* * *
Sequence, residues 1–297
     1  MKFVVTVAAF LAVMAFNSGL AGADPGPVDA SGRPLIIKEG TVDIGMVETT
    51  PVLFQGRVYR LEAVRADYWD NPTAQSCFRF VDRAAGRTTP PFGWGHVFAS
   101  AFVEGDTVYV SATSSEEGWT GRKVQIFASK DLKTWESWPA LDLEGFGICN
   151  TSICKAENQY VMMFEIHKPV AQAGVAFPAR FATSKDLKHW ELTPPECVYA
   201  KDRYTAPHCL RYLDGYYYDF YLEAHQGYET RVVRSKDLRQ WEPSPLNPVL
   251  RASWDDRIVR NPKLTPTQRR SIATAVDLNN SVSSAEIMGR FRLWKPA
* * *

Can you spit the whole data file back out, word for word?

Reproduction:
Sequence, residues 1–297
     1  MKFVVTVAAF LAVMAFNSGL AGADPGPVDA SGRPLIIKEG TVDIGMVETT
    51  PVLFQGRVYR LEAVRADYWD NPTAQSCFRF VDRAAGRTTP PFGWGHVFAS
   101  AFVEGDTVYV SATSSEEGWT GRKVQIFASK DLKTWESWPA LDLEGFGICN
   151  TSICKAENQY VMMFEIHKPV AQAGVAFPAR FATSKDLKHW ELTPPECVYA
   201  KDRYTAPHCL RYLDGYYYDF YLEAHQGYET RVVRSKDLRQ WEPSPLNPVL
   251  RASWDDRIVR NPKLTPTQRR SIATAVDLNN SVSSAEIMGR FRLWKPA